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Getting started with buyer research – a practical overview

As you are working toward Go-to-Market Fit, buyer research is one of the most important tools at your disposal. Conducting buyer research enables you to, in a systematic way, gather the data you need about your customers and their needs to create the strategies that will help you reach Go-to-Market Fit. You can conduct this research in multiple, both quantitative and qualitative, ways. We recommend having at least one qualitative research method in your arsenal: buyer research calls.

Get Oxx's Question Bank for Buyer Research Calls here.

What are buyer research calls?

Buyer research calls are interviews that dive deep into the buyer's point of view, with the aim to understand the purchase process in depth. The outputs are used to improve marketing and sales processes. You can think of it as the commercial equivalent of conducting user research during the product design process. User research and user testing are key tools frequently used when designing great products. Because, no matter how good the product team's intuitions are about their target users, exposing designs or features to a wider audience usually generates unexpected insights. In the same way, a company's initial GTM process is often built up based on trial and error, starting with the commercial team members’ intuitions on what works- or doesn't work. While these are usually at least partially correct, they don’t provide the full picture.

Can’t you get these insights from your account managers? Account managers sit on a lot of information, however, the rationale behind conducting buyer research is to systematically gather data. In other words, buyer research calls do not:

  • Replace having commercial team members join sales discovery calls

  • Replace the insights account managers or customer success reps gather about customers

  • Replace founders speaking to their customers all the time – or setting a company culture where employees speak to customers or rotate into customer support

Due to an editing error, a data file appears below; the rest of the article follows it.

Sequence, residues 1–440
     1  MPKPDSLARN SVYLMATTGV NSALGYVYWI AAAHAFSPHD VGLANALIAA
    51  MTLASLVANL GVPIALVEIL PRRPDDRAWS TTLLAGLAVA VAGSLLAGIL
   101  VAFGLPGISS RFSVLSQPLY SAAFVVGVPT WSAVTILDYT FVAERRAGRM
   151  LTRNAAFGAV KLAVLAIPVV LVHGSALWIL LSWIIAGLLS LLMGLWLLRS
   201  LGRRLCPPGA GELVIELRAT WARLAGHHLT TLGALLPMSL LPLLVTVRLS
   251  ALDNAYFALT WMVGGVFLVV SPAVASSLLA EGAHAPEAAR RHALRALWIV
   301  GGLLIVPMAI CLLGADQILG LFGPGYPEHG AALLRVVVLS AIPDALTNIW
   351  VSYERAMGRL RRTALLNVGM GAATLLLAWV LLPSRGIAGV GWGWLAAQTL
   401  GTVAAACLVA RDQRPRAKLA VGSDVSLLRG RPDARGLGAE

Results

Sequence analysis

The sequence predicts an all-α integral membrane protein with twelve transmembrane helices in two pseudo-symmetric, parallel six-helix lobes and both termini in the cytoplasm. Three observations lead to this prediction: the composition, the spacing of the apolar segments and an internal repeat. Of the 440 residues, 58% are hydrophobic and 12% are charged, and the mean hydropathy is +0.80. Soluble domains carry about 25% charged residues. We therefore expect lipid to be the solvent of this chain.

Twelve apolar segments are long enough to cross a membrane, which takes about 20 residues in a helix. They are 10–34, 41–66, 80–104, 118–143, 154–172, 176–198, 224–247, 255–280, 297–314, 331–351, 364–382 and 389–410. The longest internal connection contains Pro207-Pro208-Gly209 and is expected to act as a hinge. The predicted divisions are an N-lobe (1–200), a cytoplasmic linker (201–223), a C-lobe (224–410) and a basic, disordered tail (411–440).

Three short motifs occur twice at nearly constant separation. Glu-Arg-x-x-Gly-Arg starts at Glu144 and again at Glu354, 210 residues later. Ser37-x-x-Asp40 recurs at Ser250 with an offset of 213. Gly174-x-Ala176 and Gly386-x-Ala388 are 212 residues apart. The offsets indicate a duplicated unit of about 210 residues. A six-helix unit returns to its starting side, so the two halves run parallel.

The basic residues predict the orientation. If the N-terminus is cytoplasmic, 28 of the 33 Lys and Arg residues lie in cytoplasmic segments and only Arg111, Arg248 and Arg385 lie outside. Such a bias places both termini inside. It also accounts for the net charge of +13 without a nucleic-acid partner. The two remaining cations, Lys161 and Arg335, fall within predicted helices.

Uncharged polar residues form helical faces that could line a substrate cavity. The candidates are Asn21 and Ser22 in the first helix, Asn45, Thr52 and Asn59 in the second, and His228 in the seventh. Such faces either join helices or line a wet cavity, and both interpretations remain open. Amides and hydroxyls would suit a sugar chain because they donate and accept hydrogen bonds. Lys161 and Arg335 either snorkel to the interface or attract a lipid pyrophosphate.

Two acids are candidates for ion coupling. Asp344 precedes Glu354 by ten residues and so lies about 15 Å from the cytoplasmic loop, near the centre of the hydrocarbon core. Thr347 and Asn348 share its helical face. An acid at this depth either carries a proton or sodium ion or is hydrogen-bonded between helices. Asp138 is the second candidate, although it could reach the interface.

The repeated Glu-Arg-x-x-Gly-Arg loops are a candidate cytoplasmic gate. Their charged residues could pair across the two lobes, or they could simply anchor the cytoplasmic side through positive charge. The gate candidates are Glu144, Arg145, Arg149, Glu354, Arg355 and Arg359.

Rather, it's about scaling these learnings to a systematic process. The collected learnings help refine hypotheses about positioning, messaging, pricing, sales process, marketing channels, marketing content, sales enablement content, etc. – and more importantly prioritising among initiatives.

Practical guide

Who should run the calls? It's often helpful if a "semi-fresh pair of eyes" leads the process. This is generally is a new mid-level or senior-level marketing hire.

When? The "right time" to conduct buyer research calls is often when your company reaches between 15 and 40 employees. It's when the product is complete, product-market fit has mostly settled and it's time to transition from a founder-led/founder-assisted sales motion to a self-sustaining GTM motion.

How? We’ve written out a sample process below, but feel free to adapt this to your company’s ways of working:

  • Write up a script for the calls with ca 6-12 questions (pick and choose from a question bank we’ve put together grouped by Go-To-Market motion). After you have done two or three calls, feel free to iterate the script but try to keep as high consistency throughout as possible to not impact the validity of the results.

  • Set a first sample size of companies to interview. 5 is a reasonable starting point, after which you can assess how many more you would need to ensure significance of the data.

  • Schedule 30 minute calls with the key buyers at each of these companies. Try to get a mix between both customers and lost prospects. Though it may be difficult to schedule calls with lost prospects, it is worth trying. Their insights are very helpful as these will provide another perspective to your customers.

  • Record the calls. Make sure to get the interviewee’s permission beforehand.

  • After each batch of 5 calls, assess whether there's sufficient repetition in the answers that the set of "anecdata" – anecdotal data – makes it possible to draw conclusions. If not, schedule another 5.

  • In a working group with the key functional leaders (for pricing, sales processes, demand generation etc.), discuss how to translate the learnings about your buyer’s purchasing processes, pricing expectations, and problems translate into actionable initiatives for each team to adjust their strategy and tactics.

Hope this has provided you with inspiration to get started – the insights generated from buyer research help you make better informed decisions on your growth journey. Good luck!


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